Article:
You may have heard the term xeriscaping or xerogardening and knew it was a green concept in landscaping but do you actually know what it means? I didn't before recently. Here are some of the basics, after the jump.Xeriscaping and xerogardening is a term for landscaping or gardening in a way that reduces the need for irrigation. This goes beyond just planting native species but takes into account your particular area's supply of fresh water. It is similar to drought-tolerant landscaping and often called zeroscaping or smart scaping.
Xeriscsaping not only lowers water consumption but can also lead to a lower maintenance yard as plants that require less water often grow much more slowly.
From Wikipedia, some common benefits to xeriscaping include:
- Lower water bills
- More water available for other uses and other people (such as showers, sinks, hoses etc.)
- Less time and work needed for maintenance, making gardening more simple and stress-free
- Little or no lawnmowing (saves energy)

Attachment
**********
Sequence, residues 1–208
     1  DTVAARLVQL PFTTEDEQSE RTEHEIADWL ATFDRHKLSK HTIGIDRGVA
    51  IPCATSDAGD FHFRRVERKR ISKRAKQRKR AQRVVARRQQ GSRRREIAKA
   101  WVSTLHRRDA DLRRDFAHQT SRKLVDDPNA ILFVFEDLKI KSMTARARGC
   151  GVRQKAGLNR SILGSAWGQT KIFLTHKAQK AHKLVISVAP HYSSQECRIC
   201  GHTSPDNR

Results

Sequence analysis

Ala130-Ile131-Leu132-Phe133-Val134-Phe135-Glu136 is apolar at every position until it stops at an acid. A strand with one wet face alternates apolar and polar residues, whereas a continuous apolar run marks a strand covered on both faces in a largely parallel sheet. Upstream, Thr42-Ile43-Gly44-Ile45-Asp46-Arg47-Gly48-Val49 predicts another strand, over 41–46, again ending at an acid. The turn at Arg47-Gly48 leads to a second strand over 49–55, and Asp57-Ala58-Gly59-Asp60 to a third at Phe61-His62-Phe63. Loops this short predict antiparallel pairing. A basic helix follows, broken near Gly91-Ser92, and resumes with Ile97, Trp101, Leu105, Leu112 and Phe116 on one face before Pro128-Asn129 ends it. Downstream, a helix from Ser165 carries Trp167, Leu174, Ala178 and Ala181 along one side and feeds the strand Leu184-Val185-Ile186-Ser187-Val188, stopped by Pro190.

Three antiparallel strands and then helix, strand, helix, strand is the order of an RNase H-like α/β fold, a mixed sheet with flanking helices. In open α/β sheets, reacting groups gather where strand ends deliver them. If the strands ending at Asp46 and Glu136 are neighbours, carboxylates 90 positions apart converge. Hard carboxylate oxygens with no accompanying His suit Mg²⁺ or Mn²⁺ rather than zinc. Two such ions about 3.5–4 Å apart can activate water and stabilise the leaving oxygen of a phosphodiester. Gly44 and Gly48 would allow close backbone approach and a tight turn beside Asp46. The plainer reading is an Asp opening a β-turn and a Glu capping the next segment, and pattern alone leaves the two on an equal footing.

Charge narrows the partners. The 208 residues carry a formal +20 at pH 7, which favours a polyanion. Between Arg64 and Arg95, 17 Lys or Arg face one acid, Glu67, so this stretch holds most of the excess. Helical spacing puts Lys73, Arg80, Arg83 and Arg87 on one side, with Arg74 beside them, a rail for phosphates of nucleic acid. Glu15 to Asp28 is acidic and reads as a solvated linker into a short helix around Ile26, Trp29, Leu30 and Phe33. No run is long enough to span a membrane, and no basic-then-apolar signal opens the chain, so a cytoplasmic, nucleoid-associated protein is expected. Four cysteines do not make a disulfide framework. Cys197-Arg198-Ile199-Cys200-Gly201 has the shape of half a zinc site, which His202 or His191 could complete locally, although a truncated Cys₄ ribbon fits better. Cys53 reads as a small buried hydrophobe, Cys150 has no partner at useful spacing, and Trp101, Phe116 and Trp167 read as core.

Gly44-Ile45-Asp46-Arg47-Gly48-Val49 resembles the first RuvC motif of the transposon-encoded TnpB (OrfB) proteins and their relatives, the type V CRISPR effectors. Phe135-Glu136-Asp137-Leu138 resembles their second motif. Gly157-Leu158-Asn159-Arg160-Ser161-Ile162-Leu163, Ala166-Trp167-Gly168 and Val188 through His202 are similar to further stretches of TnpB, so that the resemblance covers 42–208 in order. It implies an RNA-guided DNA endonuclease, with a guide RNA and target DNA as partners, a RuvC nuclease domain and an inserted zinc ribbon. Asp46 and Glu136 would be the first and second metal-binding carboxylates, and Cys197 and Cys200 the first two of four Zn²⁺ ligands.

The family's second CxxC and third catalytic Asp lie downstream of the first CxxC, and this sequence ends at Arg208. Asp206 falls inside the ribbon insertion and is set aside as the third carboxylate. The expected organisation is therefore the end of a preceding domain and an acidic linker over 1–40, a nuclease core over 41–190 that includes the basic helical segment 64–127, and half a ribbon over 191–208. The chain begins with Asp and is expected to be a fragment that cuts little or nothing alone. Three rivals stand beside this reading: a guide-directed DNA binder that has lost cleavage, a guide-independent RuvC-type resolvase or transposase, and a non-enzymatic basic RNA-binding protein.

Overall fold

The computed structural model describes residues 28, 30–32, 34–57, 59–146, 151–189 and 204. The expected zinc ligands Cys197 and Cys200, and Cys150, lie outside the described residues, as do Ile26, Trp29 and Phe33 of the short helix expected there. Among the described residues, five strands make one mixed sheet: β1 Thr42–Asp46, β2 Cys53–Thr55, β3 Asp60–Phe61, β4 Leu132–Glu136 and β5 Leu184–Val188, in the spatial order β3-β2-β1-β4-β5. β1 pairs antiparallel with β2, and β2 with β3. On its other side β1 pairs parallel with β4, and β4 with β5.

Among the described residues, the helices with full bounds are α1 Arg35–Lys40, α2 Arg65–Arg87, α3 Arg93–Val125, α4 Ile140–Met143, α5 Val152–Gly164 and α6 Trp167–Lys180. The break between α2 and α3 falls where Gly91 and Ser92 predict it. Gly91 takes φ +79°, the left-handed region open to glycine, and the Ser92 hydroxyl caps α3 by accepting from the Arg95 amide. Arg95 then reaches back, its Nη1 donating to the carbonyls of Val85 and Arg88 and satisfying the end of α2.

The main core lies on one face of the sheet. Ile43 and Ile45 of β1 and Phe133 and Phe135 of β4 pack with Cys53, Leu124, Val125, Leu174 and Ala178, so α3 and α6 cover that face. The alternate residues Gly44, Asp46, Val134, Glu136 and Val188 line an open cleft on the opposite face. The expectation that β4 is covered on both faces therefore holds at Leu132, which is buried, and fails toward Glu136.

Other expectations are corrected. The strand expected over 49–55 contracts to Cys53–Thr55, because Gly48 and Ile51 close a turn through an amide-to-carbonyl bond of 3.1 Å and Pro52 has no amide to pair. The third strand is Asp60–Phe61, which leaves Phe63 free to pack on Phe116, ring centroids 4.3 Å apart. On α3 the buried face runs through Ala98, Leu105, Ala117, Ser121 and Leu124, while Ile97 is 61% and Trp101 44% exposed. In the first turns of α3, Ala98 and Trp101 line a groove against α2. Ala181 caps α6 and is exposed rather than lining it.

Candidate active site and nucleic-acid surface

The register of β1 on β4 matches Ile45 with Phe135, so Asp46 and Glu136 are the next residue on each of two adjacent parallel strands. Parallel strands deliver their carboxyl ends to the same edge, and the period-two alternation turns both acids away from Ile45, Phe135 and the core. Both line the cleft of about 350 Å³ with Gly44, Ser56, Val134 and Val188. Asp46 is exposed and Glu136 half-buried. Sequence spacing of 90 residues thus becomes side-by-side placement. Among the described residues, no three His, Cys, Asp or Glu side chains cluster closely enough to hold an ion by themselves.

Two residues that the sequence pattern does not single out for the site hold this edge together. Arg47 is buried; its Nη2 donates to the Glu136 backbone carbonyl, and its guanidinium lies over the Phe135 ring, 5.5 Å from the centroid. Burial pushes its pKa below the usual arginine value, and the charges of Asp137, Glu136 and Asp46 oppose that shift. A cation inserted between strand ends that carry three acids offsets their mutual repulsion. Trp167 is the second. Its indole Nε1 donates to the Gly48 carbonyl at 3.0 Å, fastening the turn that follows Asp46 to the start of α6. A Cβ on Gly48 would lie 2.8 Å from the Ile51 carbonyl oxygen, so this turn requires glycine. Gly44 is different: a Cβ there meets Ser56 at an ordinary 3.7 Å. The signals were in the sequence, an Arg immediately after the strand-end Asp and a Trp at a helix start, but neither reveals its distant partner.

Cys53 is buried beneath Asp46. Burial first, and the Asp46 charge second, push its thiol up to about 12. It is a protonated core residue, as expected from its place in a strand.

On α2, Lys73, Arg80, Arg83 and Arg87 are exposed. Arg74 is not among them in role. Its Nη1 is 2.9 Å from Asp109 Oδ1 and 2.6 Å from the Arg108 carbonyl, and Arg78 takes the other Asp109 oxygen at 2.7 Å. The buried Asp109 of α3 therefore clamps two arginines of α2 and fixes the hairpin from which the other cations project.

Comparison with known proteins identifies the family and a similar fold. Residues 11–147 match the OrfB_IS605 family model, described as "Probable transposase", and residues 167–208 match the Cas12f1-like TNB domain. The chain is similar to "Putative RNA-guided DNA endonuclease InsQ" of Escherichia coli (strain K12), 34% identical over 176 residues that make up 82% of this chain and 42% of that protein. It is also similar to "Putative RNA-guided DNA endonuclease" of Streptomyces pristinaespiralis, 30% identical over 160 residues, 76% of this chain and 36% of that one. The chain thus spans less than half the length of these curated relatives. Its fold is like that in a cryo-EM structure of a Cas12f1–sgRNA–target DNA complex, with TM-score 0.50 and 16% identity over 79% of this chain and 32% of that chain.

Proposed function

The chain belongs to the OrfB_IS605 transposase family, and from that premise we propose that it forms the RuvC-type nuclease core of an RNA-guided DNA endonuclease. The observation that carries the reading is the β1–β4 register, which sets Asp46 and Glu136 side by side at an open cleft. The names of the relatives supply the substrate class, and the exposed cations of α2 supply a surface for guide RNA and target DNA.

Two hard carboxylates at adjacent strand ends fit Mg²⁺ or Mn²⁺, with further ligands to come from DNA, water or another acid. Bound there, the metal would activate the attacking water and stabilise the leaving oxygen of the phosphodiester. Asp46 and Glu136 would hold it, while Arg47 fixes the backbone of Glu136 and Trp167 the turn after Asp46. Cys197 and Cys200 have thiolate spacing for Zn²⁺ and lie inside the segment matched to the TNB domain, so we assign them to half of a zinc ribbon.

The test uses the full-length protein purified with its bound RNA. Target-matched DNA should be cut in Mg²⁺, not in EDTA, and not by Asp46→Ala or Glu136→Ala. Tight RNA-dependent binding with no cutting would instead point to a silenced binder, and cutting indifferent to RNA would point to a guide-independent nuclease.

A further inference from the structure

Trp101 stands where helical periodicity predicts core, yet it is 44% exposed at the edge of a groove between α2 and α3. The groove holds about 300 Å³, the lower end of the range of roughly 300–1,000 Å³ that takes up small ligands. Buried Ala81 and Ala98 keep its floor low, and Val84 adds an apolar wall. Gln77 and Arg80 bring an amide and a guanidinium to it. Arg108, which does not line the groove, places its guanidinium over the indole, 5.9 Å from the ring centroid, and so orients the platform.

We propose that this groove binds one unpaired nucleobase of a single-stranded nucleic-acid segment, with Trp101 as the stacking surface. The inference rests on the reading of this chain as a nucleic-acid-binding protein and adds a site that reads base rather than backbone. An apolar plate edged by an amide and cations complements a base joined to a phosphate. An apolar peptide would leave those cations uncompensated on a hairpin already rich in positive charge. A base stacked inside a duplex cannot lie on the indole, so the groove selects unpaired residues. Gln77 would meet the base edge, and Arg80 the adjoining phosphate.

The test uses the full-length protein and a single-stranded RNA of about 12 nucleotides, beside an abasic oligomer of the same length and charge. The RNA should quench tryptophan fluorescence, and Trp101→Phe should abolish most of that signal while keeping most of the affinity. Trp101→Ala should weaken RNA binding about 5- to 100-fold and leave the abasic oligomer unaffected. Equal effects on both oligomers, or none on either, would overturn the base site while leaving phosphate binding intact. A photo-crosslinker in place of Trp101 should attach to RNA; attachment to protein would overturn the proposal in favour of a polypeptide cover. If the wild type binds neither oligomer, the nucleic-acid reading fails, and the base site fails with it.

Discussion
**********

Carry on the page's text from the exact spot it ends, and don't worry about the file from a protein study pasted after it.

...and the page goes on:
- Xeriscape plants along with proper bed design tends to take full advantage of rainfall
- When water restrictions are implemented, xeriscape plants will tend to survive, while more traditional plants may be unable to adapt.
Common plants that require little to no water including cactus and succulents, thyme, lavender and juniper. Below you will find a larger list of drought resistant flowers, trees and shrubs.
Drought resistant flowers for Xeriscaping:
- Baby's Breath
- Lamb's Ears
- Tulips and crocuses
Drought resistant shrubs and trees:
- Japanese black pine
- Mountain currant
- California lilac
- Gray Birch
- Common Pater Mulberry
- European Hackberry
- Monterey Cypress
- Common Olive
- White Poplar
- Black Locust
- Siberian Elm
- Gray Dogwood
- Amur Maple
Inspiration and photos from EcoSalon's Plants You Can't Kill and information from Wikipedia.